IMHO Evangelion is not the greatest of anime, nor is it the worst.
That being said:
(BTW: Do NOT go by the dub. I heard the dub, and it was painful. The subtleties of the original voice acting were completely lost in many a scene. I’m not one of those people who hate all dubs-- I can appreciate a good one when I see it. But this one wasn’t that good)
Eva starts off like a cliched giant robot show and then changes rather radically.
The director, Hideki Anno was going through some psychological problems at the time, and he chose to work them out through the anime (hence all of Shinji’s issues)-- he pulled a bait-and-switch on the audience, because they were expecting just giant robots duking it out and instead they ended up with a (somewhat torturous) examination of the human psyche.
I liked Evangelion for the following reasons:
1- The premise of the Eva Control system was novel in that it was the most “realistic” to date. (I’m talking about in mechanical terms)… 5 minutes of power, tethers, a support infrastructures… they weren’t like Gundams that could seemingly go forever on tanks of jet fuel.
2 - The Heroes were not “heroes”. They have real, painfully crippling flaws, be it self-doubt, lust, or jealousy. They aren’t super action types who always come out on top. In fact I think some viewers dislike them because they are too real in this regard.
3- The metaphysical, occult, biological and technical detail slipped in. (For instance, everything in NERV is named after a term in biology-- it’s not all meaningless Engrish or technobabble-- I was surprised to find a lot of the terms defined in medical texts.)
Now… I will not say it is wthout flaws. Anno basically jipped the fans with the last two episodes of the TV series, and the half-movie Death and Rebirth that aired before End of Evangelion came out. And he doesn’t explain things all that clearly…
But THIS is why Eva will be discussed and appreciated forever. I call it “Xadium’s Law of Immortality through Obscurity”-- basically, the more tantalizing hints and half-finished threads you can leave dangling, along with rich symbolism that begs to be interpreted, the longer people will argue about your show trying to figure it all out.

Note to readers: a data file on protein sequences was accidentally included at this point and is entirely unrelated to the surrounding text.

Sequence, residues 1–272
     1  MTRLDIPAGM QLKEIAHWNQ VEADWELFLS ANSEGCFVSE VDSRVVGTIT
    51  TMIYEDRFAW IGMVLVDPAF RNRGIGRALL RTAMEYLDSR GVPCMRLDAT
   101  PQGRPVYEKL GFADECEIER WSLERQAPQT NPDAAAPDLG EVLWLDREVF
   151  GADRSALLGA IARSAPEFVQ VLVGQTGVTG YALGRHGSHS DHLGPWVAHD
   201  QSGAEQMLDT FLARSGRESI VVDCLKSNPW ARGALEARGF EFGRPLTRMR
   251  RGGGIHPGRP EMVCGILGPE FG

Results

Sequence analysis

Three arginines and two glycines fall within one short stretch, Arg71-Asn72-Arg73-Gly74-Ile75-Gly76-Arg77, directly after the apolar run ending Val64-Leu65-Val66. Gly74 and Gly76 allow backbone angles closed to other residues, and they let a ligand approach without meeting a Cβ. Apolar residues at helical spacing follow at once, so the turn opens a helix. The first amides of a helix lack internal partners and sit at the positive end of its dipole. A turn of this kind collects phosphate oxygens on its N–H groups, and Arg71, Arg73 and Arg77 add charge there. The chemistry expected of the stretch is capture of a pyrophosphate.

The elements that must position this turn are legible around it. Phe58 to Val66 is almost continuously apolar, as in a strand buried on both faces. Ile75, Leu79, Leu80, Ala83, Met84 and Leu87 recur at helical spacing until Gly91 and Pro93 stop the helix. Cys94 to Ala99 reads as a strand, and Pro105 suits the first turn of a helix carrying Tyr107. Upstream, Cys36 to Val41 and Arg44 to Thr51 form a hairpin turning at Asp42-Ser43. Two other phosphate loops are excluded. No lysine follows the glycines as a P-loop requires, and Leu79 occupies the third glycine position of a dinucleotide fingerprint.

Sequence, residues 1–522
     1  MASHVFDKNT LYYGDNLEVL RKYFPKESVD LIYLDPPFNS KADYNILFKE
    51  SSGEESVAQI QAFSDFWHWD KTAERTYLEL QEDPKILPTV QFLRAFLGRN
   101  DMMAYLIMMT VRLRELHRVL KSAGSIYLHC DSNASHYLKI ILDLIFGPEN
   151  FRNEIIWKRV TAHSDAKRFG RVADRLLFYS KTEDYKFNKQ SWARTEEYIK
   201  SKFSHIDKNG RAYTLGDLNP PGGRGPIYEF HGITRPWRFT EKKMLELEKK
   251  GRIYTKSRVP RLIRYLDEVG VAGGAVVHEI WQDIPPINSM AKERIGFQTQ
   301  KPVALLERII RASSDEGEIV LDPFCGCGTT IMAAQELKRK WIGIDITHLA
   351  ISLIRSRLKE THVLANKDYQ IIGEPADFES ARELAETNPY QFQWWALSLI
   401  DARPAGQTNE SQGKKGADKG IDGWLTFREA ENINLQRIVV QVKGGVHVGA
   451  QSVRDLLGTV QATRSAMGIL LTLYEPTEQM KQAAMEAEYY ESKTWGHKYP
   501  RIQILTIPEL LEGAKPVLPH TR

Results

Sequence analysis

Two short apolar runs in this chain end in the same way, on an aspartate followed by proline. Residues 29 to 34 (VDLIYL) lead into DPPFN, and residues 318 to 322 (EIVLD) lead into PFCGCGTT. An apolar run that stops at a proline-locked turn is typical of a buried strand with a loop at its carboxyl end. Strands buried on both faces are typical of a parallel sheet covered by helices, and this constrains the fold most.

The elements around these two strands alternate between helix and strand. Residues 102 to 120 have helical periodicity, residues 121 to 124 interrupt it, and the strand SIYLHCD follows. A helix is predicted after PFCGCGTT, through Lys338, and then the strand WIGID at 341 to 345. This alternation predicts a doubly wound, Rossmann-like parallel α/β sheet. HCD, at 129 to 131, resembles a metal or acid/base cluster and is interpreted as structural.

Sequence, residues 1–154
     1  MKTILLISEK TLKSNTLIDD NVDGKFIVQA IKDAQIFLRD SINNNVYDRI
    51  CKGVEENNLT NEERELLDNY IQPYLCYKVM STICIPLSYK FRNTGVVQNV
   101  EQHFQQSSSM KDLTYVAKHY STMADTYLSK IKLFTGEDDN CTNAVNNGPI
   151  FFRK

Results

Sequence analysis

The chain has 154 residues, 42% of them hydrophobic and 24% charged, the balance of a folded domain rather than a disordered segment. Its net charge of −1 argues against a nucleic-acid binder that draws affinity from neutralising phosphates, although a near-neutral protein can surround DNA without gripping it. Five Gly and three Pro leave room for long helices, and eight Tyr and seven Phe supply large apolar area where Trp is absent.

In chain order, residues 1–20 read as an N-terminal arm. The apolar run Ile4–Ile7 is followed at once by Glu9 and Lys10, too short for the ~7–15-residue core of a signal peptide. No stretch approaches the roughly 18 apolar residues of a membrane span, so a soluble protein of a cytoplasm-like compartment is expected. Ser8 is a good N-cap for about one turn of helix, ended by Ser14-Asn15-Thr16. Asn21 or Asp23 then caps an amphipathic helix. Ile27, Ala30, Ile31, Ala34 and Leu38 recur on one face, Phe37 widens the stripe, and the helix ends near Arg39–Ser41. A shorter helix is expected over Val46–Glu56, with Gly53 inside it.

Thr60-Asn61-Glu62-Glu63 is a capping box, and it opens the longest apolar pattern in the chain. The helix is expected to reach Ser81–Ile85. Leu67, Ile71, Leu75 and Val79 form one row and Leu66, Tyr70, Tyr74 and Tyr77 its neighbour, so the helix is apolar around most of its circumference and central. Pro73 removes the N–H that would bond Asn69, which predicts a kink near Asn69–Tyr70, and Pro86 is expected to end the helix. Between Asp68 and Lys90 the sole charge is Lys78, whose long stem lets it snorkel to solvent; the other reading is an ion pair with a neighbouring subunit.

But this is all IMHO… you have to judge the series as a totality first, because the first few episodes that you have seen are cliched, and not representative of the total Evangelion experience (due to the plot shifting as it does).
This is what I reccomend: Borrow the DVDs or fansubs from someone, and watch the episodes in this order:
(21-24 are also available in a director’s cut which adds some more footage, but it’s not out in DVD yet, try to see the fansubs of those-- if you can’t, then watch Death and Rebirth which has the footage in it, otherwise skip D&R, it’s largely redundant filler)
Watch End of Evangelion
NOW Watch 25-26. They made little sense on their own, but they chronicle what’s going on in in Shinji’s head during the middle of End of Evangelion, (without spoiling anything, let’s just say he has to make a choice, and those episodes explain how he came to making his choice)-- they can be understood in the context of the movie.
I have found this to be the easiest way to gain a full understanding of Evangelion.